For those who are unacquainted with Philly's Ethiopian restaurants or for those who have only visited one for a BYO, here are two places worth trying:

Kaffa Crossing

It’s one of those unusually warm February days when I head over to Kaffa Crossing with a friend I haven’t seen in far too long. We’ve budgeted exactly one and a half hours for this experience—she has class, and I’ve decided I’m going to declare my major at 4 p.m. sharp.

The sun warms us through the untinted windows as we watch Ubers whiz by and wait for our order. Autumn’s never had Ethiopian food before, so I spell out injera for her and explain that, alas, neither of us will be able to sample beef tibs, a perennial favorite, as we’re both pescatarian. But even without the meat, I tell her there’s no way we’ll leave hungry.

We order the vegetable combo ($10.25), a dish meant to share with samplers of stewed collard greens, split peas, and spiced lentils. Autumn also opts to try a the tofu wot, stewed tofu slopped into layers of injera—which, for reference, is a sourdough–risen flatbread that’s spongy and used in lieu of utensils. 

Photo: Autumn Powell

Kaffa Crossing

The platters come out and we dig in. Except for the iceberg lettuce on the far edge of the platter, the food is hearty and delicious; we tussle over who gets the last of the split peas. Neither of us is wowed by the tofu wot, especially because it seems like the tofu was cooked in marinara sauce, but we tear off the injera anyway throughout the meal.

It’s a comfortable space, and the wait staff didn’t bother us to leave, which may have contributed to her missing her class and my deciding not to declare on the oddly temperate Wednesday. The food wasn’t stellar, but it hit the spot, and the atmosphere was inviting enough for us to order drinks and catch up. Three hours after walking in, we left Kaffa Crossing having spent less on food per capita than I’d paid at Sweetgreen the night before.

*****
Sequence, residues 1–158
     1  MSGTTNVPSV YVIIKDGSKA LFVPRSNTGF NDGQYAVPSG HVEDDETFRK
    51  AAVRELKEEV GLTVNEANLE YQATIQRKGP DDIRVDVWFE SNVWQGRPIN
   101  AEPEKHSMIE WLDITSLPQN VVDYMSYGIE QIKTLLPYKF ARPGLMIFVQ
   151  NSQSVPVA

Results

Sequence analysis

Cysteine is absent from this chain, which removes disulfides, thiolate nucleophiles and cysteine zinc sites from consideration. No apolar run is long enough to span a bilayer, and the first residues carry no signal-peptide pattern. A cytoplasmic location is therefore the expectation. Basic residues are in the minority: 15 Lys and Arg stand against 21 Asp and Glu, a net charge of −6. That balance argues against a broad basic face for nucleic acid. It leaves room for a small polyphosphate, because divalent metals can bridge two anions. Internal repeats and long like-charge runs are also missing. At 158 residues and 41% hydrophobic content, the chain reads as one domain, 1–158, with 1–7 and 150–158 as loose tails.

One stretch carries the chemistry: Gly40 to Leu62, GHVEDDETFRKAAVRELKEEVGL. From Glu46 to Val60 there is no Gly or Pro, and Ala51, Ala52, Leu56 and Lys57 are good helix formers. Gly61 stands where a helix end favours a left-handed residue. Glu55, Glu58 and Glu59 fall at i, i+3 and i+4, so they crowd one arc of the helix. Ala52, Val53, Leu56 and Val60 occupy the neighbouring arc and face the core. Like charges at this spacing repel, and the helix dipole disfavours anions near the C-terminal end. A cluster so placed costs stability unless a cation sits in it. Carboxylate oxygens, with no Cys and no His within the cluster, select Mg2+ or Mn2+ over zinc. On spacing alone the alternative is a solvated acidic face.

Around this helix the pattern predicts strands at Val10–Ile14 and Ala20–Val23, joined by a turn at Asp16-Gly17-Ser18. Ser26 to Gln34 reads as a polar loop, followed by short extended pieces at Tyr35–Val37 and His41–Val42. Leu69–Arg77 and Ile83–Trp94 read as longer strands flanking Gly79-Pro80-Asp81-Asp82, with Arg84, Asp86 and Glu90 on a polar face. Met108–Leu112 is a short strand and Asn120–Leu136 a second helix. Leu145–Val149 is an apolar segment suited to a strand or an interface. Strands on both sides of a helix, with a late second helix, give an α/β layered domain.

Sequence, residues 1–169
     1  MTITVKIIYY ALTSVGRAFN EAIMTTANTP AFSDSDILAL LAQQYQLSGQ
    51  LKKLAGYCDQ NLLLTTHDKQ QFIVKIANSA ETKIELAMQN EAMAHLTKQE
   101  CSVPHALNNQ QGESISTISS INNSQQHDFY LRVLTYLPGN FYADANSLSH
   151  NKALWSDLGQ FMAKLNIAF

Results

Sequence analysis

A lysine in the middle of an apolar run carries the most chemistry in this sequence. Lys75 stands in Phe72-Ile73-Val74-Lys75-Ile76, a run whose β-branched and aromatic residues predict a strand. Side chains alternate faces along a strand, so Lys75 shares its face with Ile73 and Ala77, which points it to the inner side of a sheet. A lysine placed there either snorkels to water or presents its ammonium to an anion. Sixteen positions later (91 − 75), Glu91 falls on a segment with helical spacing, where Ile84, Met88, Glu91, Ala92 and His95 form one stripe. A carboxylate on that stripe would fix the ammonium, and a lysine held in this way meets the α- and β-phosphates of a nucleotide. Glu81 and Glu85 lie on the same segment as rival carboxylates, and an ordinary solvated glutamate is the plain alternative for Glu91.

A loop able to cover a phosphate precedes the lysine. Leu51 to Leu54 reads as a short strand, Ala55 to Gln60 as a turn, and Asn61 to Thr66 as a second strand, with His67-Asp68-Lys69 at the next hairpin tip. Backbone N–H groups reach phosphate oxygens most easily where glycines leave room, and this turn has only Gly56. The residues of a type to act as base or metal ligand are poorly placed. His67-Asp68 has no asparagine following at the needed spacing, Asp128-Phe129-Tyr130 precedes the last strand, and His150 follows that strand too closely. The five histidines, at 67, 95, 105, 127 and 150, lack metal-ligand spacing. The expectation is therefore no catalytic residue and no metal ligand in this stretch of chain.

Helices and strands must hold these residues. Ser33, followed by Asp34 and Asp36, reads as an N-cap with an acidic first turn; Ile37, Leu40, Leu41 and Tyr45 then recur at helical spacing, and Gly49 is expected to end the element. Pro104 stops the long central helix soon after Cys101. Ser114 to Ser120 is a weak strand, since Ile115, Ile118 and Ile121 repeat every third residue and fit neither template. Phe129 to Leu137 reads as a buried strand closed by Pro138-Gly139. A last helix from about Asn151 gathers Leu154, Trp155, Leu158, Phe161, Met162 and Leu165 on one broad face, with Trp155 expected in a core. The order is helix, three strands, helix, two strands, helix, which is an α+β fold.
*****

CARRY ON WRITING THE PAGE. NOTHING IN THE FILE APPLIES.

TL;DR: Casual, almost café–esque, popular with West Philly locals, full bar all day. 

Location: 4423 Chestnut Street


Monday–Friday: 10:00 a.m.—10:00 p.m.
Saturday–Sunday: 10:00 a.m.–11:00 p.m.

Price: $$


Abyssinia has been a staple of my Penn experience. It’s a place I frequent when I want to show someone that I’m a “cool Philly native” with an “adventurous palate.” But it’s also a place for comfort food after an exam, or a meal to fill me up when I’ve barely eaten all day.

Abyssinia is ethnic food done well and done properly. It’s no–frills, but the injera is to die for and the combos will keep you so full you’ll contemplate unbuttoning your pants in the middle of the restaurant.

We get the vegetarian combo there, too, and it comes with the standard split pea, lentil, collard green combo dotting the injera. While Kaffa Crossing’s combos are sometimes hit–or–miss, Abyssinia’s are lick–the–plate good. We finish the platter in maybe ten minutes and think about ordering another.

Photo: Ethan Wu

The clientele is an interesting mix—earlier in the night, it’s more Ethiopian customers hanging out by the bar and talking; later, it switches to a mix of young West Philly families and college students clued in on the cheap beer list. But it never gets too loud or too crowded, perfect for catching up with a friend.

And to top it all off, there’s an upstairs bar called Fiume, somewhere between jazz attic and speakeasy. Apart from being a classic hole–in–the–wall, it differentiates Abyssinia from the other Ethiopian restaurant quite literally next door. Pro tip: Thursday is their bluegrass night, and their beer list is excellent. Take your next Tinder/Hinge/Bumble date.

TL;DR: Don’t expect fast service. The drinks aren’t always cold. But damn, the food is great, and there’s a hidden bar upstairs.

Location: 229 S 45th Street


Monday–Sunday: 9:30 a.m.—2:00 a.m.

Price: $$